‘A thriller’ was how the posters humble-bragged the content of John Schlesinger’s Marathon Man back in 1976; there is a sense in which this William Goldman scripted film is the ultimate in thrills, since cinema turned abruptly towards family fare post-Star Wars. Goldman’s book was clearly designed with the big-screen in mind, and producer Robert Evans pulled all the strings to make Marathon man a real event picture; Schlesinger re-united with his Midnight Cowboy star Hoffman, plus Roy Schneider from Jaws, and with a villainous turn from Laurence Olivier as the Nazi-war criminal Szell.
One critic described the result as a ‘Jewish revenge fantasy’, which seems in line with the Seth Rogen line from Knocked up that Munich was ‘Rambo for Jews’; Marathon Man might seem pulpy, but it’s got dark undercurrents. Babe (Hoffman) is a history student whose father killed himself as a result of McCarthyism; the weight of history is heavy on his shoulders as he jogs around the Central Park reservoir in NYC. Babe has no concept that his brother Doc (Scheinder) is involved with the CIA, but also, crucially, has no idea that American intelligence might be aware of the activities of WWII Nazis, specifically Szell, and might be complicity working with them. Goldman’s script suggests that such an alliance occurs because ‘business is business’, but his disapproval is obvious. Szell comes to NYV to retrieve diamonds after his brother dies, but thinks babe has information that he needs to collect, and the stage is set for a cat and mouse chase between the guilty Nazi and the innocent Babe.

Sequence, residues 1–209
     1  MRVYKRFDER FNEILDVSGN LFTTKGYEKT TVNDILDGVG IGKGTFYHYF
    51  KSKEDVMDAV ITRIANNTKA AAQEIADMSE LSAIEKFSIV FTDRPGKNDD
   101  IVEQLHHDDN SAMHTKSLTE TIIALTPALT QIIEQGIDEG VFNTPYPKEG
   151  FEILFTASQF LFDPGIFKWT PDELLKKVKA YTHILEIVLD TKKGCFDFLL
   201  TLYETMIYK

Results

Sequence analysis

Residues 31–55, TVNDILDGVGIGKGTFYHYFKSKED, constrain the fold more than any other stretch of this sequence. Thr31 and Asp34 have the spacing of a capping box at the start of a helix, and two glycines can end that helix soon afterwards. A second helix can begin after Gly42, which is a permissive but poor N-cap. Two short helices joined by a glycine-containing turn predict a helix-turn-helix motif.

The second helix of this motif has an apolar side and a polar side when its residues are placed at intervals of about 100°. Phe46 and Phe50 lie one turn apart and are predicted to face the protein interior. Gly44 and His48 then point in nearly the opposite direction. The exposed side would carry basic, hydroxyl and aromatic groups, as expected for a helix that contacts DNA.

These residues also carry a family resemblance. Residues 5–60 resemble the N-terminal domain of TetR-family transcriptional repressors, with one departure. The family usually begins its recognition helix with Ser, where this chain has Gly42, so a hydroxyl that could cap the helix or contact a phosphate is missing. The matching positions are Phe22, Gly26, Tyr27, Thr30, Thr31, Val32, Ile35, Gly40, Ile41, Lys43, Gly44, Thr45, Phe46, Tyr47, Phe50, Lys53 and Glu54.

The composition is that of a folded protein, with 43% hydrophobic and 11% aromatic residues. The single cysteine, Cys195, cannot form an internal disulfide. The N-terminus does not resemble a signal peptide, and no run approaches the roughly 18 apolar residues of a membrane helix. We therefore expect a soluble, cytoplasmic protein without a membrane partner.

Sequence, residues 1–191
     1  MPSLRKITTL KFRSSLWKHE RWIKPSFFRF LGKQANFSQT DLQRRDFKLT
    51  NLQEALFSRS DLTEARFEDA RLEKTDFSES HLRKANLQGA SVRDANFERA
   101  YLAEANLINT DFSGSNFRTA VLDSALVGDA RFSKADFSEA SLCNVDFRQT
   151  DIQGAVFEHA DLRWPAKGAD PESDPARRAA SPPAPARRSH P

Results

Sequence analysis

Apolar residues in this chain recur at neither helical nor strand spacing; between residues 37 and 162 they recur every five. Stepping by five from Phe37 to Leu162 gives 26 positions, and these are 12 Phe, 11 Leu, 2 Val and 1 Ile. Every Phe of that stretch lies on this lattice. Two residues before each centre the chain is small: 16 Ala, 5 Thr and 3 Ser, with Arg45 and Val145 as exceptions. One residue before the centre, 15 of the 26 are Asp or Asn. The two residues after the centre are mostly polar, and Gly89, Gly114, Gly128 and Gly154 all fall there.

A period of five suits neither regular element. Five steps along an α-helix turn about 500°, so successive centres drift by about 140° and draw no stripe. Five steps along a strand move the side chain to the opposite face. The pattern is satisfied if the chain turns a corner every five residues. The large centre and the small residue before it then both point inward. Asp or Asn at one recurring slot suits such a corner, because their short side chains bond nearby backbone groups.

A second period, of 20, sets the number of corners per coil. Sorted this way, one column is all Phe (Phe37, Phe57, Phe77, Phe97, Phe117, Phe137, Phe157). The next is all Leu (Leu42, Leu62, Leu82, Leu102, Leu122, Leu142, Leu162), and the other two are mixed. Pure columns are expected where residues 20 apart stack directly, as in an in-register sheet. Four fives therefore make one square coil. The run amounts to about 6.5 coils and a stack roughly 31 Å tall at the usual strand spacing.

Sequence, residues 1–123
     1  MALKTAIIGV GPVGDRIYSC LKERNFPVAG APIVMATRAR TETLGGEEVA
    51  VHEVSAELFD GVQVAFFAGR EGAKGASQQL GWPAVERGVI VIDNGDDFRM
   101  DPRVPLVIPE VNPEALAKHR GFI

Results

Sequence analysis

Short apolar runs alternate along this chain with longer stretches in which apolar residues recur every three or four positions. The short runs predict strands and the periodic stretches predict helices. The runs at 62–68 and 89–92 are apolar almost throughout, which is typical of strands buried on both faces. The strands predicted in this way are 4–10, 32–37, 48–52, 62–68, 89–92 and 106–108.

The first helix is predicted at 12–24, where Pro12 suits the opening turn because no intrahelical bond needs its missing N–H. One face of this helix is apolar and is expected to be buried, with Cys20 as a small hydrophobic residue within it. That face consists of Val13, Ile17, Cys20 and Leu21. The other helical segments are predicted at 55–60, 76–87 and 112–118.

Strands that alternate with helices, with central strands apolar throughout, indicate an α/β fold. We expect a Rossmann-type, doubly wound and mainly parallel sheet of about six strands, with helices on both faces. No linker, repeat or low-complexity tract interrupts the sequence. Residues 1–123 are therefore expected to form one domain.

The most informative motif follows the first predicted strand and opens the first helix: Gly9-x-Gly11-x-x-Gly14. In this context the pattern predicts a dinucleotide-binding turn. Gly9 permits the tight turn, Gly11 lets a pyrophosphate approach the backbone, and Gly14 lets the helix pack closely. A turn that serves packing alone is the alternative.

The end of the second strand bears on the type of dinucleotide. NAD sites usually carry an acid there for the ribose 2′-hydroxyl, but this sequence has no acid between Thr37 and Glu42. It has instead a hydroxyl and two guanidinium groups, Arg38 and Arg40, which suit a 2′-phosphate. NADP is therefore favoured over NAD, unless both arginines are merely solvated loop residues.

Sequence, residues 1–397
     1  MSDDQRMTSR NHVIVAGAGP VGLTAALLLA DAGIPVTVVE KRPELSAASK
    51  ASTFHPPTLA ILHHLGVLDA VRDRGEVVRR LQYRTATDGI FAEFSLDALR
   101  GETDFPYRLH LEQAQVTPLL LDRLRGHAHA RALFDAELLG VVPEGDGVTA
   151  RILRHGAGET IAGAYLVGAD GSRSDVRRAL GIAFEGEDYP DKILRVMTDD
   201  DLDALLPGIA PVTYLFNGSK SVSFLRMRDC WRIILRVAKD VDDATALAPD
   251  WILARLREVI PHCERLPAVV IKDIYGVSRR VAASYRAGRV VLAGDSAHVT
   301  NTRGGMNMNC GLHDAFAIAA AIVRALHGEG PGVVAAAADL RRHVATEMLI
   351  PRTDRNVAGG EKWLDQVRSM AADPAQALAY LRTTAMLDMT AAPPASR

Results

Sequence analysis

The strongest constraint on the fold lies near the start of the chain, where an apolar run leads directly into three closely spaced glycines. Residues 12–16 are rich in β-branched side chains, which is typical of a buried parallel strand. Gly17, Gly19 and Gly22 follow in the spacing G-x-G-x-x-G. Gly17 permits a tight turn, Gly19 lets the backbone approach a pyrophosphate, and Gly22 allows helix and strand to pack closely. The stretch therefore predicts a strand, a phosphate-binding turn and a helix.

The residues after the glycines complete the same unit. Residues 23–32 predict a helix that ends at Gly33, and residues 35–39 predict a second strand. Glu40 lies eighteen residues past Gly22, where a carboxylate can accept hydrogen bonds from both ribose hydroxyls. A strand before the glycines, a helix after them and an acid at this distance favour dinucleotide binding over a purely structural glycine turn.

William Devane was not the big draw here amongst the acting heavyweights, but he’s got a crucial role as Peter Janeway; the ‘is it safe?’ torture scene is legendary, but part of it’s power comes from Babe getting rescued by Janeway, without reasoning that Janeway’s friendly behaviour is as much part of the torture as Szell’s drilling. Thus, audiences who felt that they, like Babe, had escaped the worst, found themselves plunged back into a nightmare of raw nerves and bloody sinks. That visceral charge is real, but springs from a political pivot that suggests that money and morals don’t mix well.
Marathon Man is a class act, for the acting, sure, but also for early Steadicam use on the streets of New York, some excellent location work, and Schlesinger’s eye for detail, which makes the thriller elements all the more powerful. The ending is botched, as is the key scene in which Doc faces off with another assassin; Doc loses some of his complexity, and babe is denied his revenge. Both sets of changes weaken the film, but Marathon Man has style and content to burn. Goldman suggests that no-man can escape history, and worries away at the notion that capitalism’s rewards are desired by the moral and immoral alike.